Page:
Why You Need a Waiver

This article accompanies Good Buys.

Wednesday, June 2, 2010
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If your company is considering a voluntary buyout, make sure employees sign a waiver-and-release agreement.

Sure, a buyout is voluntary. It is even legal to "cherry pick" among poor-performing individuals, age groups, skilled workers or departments. But that kind of pre-selection opens a company up to potential claims of bias, says Paul Hamburger, head of Proskauer's Employee Benefits, Executive Compensation and ERISA Litigation Practice Center in Washington.

"There are implications to doing it. If you start cherry-picking, there can be claims of [unfairness]." The chief concern would be claims of age discrimination, "because the people who are eligible and encouraged to leave tend to be older."

For example, when Pasco County, Fla., offered a voluntary buyout to employees over 55 years of age, it included a waiver that released the county from claims under the federal Age Discrimination in Employment Act, as amended with the Older Workers Benefit Protection Act, Title VII of the Civil Rights Act and the Americans with Disabilities Act.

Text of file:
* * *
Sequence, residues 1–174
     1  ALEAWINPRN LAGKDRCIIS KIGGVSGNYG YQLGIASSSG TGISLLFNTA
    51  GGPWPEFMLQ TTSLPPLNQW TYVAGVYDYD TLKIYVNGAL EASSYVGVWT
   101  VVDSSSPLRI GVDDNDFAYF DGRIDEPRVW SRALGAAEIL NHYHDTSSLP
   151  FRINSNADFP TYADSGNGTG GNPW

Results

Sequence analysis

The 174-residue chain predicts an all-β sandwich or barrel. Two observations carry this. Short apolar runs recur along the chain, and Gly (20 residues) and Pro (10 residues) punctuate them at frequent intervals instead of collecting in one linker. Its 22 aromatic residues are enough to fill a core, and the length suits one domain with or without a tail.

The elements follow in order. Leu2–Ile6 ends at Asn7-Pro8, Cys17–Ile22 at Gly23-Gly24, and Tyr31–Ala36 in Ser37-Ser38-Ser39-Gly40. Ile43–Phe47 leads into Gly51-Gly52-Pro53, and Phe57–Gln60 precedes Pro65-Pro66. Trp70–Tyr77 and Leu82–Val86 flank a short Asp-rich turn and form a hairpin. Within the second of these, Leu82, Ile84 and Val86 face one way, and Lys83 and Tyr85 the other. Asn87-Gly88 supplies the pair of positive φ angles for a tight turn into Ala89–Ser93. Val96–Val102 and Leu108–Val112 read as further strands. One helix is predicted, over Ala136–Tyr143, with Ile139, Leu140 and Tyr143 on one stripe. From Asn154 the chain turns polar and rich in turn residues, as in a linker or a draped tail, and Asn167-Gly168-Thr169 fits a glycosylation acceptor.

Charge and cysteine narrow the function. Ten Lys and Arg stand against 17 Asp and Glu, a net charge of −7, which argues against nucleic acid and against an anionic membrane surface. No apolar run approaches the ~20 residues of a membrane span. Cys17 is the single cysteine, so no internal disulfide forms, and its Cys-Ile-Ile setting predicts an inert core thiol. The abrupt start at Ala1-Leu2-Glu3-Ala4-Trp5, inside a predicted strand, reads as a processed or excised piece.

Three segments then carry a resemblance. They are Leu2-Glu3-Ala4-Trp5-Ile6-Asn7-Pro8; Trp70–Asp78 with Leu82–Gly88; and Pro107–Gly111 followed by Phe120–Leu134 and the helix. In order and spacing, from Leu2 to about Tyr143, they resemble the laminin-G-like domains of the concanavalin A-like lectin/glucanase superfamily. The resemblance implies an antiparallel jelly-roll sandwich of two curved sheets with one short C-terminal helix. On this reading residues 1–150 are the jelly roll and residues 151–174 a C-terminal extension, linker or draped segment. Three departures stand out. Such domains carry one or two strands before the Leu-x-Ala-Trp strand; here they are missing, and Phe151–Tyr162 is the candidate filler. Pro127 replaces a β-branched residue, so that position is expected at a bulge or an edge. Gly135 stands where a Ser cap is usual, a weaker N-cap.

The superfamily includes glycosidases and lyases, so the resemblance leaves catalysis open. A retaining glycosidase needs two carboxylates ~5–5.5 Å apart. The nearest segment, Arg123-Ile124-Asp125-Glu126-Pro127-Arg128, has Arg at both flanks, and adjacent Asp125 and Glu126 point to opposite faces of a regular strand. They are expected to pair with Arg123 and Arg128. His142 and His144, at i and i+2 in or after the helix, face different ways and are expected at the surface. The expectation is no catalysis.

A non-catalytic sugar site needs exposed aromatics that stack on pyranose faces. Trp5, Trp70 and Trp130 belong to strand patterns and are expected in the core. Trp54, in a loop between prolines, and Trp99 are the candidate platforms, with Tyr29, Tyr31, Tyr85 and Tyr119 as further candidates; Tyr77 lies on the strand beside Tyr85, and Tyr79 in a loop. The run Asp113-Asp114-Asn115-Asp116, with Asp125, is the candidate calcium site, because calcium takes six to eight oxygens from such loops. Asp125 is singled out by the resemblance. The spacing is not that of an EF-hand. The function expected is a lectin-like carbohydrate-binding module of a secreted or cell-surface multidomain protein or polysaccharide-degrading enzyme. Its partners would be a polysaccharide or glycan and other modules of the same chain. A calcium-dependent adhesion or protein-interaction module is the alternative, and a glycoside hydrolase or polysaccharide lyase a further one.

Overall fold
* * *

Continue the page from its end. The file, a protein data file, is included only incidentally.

Some companies resist using waivers for a number of reasons: They don't want to look like they're doing something wrong; they don't want to give employees ideas about suing; or waivers may be contrary to their corporate culture.

If a company has any doubts, it need only consult a 2009 appeals court ruling called Hampton vs. Ford.

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The case involved a woman who took a $100,000 voluntary buyout from Ford Motor Co. in 2006 and signed a waiver agreeing she would not institute proceedings of any kind against the company.

Two months later, she sued Ford, charging she had been sexually harassed by co-workers during her employment. Even though the suit was unrelated to her buyout, and she had filed a complaint with the Equal Employment Opportunity Commission before the buyout, the court ruled for Ford. And an appeals court agreed.

"A good lawyer would recommend that you consider [offering ] a waiver," Hamburger says. " ... Every company should discuss it, but not every company does it. You'd think everyone would use it [to avoid litigation]."

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